Interventions

Oxford MBAs launch venture to create rural jobs

The initiative is inspired by the experience and success of RuralShores, an Indian social venture which provides skills and employment to more than 5,000 people in 25 centres in India.
Oxford MBAs launch venture to create rural jobs

A new partnership set up to help transform the lives of disadvantaged people in rural India was announced this week at the Oxford India Business Forum 2014. RuralShores Business Services and Inclusive Ventures will work together for this.

A social venture working to address the large number of unemployed people in rural locations in India has proved the inspiration and business model for a new initiative set up by three Executive MBA students from Saïd Business School at the University of Oxford. Inclusive Ventures Limited (IVL) is creating sustainable jobs for underprivileged rural communities in a number of locations around the world, and is already making a positive impact on the employment prospects of the first participants in the scheme.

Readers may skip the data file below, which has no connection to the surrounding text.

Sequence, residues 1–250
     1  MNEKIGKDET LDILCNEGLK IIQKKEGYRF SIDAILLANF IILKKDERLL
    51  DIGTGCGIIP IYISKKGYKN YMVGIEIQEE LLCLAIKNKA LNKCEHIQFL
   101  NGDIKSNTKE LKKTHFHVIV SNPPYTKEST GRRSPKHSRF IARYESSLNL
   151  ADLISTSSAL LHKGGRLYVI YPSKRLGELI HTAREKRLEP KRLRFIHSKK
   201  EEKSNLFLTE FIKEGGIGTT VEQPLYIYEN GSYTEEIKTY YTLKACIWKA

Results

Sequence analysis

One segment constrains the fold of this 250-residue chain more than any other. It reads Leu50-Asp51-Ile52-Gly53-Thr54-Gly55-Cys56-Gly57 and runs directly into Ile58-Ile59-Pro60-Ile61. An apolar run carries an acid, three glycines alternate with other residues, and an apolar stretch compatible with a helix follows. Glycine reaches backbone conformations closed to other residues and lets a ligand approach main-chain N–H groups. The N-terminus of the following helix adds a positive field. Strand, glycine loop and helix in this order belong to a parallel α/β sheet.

The initiative is inspired by the experience and success of RuralShores, an Indian social venture which provides skills and employment to more than 5,000 people in 25 centres in India, servicing 30+ client firms and government departments.

The partnership with IVL will follow the RuralShores’ model and invest in up to 5 centers across rural India. IVL and RuralShores will also explore opportunities for IVL to invest directly into RuralShores. The Oxford Executive MBA students visited RuralShores in March 2014 on an annual study trip to India as part of their EMBA programme.

The visit was led by Professor David Upton of Saïd Business School, a leading expert in international operations management and outsourcing.

"This new initiative is building upon the insights and experiences of RuralShores in India in creating rural jobs, and is applying their model in other settings, including rural locations in the UK. Initially in small scale, this venture, and others like it, has the potential to be scalable and to have a significant impact on the employment prospects of rural communities, contributing positively to regional regeneration," said Professor Upton.

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